In most descriptions of utopia, there is not the idea of equality that most of us feel would be there. Utopia is after all supposed to be a politically, socially and morally idyllic place but many descriptions of utopia are flawed in at least one of these three characteristics. Plato’s Republic is no exception.
In the Republic, Plato divides the population into three distinct classes. The lowest class is the Workers. These individuals perform the mundane activities of the state. They provide the state with civil services and food. The next class is the Fighters. The fighters are made up of soldiers whose job it is to protect the state from external enemies and internal rebellion. The highest and most powerful class is the Rulers. These individuals are known as “Philosopher – Kings” and are chosen for the position based on their virtue. In a state in which class boundaries are so well defined, true utopian equality among the citizens is impossible. There will always be some individuals, generally in the lower classes, which will be seen as less worthy and more expendable than those in the higher classes. When this is the case, there is an inherent inequality within the citizens of the state.
Besides this objection, Aristotle brings an objection to Plato’s Republic based on property. In the Republic, Plato describes the Philosopher – Kings as having to share all property in common. For the benefit of the state and its protection from corruption, the Rulers must not be allowed to possess private property. If they did, they would be much more susceptible to bribery or an egoism that would blind their virtue and take away their ability to rule effectively. Aristotle though, sees this as a problem. According to him, it is wrong to assume that sharing all property in common would cause no problems. If all people had to work, and some worked harder than others, then those that worked hardest would begin to wonder why they should not reap more of a benefit. They would question why they too should not be lazy if no matter how hard they work, in the end they receive the same.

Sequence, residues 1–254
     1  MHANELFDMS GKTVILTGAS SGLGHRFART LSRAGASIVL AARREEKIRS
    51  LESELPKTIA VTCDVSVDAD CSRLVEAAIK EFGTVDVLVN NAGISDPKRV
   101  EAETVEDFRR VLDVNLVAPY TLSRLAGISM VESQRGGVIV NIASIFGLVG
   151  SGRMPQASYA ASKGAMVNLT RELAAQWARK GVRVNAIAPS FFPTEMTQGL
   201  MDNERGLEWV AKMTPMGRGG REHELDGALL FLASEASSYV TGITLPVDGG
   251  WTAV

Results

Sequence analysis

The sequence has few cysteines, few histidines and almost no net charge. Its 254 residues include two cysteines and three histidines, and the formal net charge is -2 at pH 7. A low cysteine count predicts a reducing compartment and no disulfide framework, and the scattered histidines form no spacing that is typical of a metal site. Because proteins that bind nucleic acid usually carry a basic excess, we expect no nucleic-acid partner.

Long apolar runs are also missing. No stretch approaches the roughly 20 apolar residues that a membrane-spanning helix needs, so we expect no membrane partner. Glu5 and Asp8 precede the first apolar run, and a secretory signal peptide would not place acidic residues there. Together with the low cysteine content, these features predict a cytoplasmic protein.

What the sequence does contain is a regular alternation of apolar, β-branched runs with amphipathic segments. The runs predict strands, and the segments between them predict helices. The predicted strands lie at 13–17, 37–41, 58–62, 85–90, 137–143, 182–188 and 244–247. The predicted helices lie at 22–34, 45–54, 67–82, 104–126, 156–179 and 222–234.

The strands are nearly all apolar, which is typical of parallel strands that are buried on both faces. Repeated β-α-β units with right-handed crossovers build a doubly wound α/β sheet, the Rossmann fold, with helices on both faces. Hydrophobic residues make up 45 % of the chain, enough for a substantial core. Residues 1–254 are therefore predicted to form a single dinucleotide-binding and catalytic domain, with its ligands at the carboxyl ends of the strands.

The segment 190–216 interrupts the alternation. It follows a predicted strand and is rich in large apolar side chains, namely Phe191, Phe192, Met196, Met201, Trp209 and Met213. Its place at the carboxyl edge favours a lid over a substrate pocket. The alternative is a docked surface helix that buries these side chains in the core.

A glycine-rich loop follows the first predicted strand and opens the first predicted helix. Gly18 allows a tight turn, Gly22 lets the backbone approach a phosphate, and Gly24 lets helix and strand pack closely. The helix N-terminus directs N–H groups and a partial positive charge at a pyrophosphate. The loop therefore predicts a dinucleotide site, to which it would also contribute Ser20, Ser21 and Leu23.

Although Aristotle’s objection makes sense in a certain regard, it is based on an idea of an attainable utopia with all the modern amenities. However, for a utopia to truly succeed, it would have to be without many of the material objects that we have grown accustom to.
There has already existed a utopia in many parts of the world. This utopia lasted for millions of years before it was eventually destroyed, giving way to what we have today. In this utopia, men and women were equal, no one had to work beyond providing basic necessities, as there was no need for such materialistic possessions as televisions, iPod’s and perfumes. Of course it was not perfect, which, given the descriptions of most utopias, it does not have to be. There was death, sickness and disease, but these too would be in the kallapolis. The difference was that most people lived in peace and equality. It was not until resources were scarce that there was fighting. So to keep this utopia, the population would have to be controlled.
This utopia lasted until ignorance, in the name of religion, began to pervade. Attempts were made to rule people, but why would anyone listen? Why would anyone want to be ruled? It was not until rulers began claiming that they were ordained by god to rule that people began following them, doing their bidding and eventually wiping out a form of society which had lasted for millions of years and which we have not been able to reconstruct. However, now that people are educated, and know the sorts of things that cause ignorance, a utopia like this could again be possible.
Baird, Forrest E., and Walter Kaufmann. Eds. Ancient Philosophy. Fourth. Upper Saddle
River: Prentice Hall, 2003.
“Dictionary.com.” Utopia. 23 Feb 2005. 11 May 2006 <http://www.dictionary.com>.